“After following the first step, our Operations Officer will contact you and let you know when our next interview session will be held. These introductory meetings are held quarterly, so you may have a while to wait, depending on your timing. During this waiting period, feel free to join in on the discussions on the forum and become acquainted with the information on our Website. Just before the information session, our Operations Officer will give you a short questionnaire to fill out. Complete this carefully, as it will be looked at by all of SGHA officers to determine what type of membership can qualify for.
“After the information session, you will be interviewed by the Operations Officer and at least one other SGHA officer. During our monthly officer’s meeting, the Operations Officer will discuss your application of membership with the other officers, along with his impressions and recommendations. The other interviewing officer will do the same.
“The officers will then review your membership questionnaire and make a decision on whether you will be admitted to trainee status. Although this is no way guarantees your acceptance into SGHA, it will serve to help us come to a rational and informed decision on whether you can fit our needs and we can fit yours. However, if approved, you will be assigned to a team for training for a six-month probationary period. When this period is over, a majority vote by the officers will decide which type of membership you will be granted or not. Typically, it will be either active or contributing membership. Our training program is one of the most arduous out there. Trainees will be taught how to conduct investigations using the scientific method as well as our operating methodology and techniques.”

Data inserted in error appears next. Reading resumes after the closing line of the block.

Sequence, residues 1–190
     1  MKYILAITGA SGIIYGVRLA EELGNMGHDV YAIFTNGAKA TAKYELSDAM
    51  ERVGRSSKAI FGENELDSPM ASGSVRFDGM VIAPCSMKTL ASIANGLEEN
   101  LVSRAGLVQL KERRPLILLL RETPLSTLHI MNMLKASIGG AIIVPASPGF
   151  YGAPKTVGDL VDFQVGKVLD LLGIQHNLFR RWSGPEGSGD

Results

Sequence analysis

What’s the best investigation you’ve experienced in New Mexico? What’s been the worst?
Cody Polston: “I believe that the best investigation we had in New Mexico was a series of inquiries into several ghost stories in Old Town Albuquerque. The team was definitively able to debunk the stories of Sarge, the Confederate ghost, and Scarlett, a woman who was supposedly a prostitute at the old Manual Springer house. The team showed excellent critical thinking skills and were able to explain and replicate all of the elements of each story. The worst was an investigation at Quarai mission ruins. We had to do the investigation during the mission’s hours of operation, and there was just too much going on around us to collect anything tangible. It also made it impossible to establish any form of scientific control.”
Have you ever experienced a full-body apparition? If so, tell me about it. If not, what’s the most interesting supernatural event you have ever seen?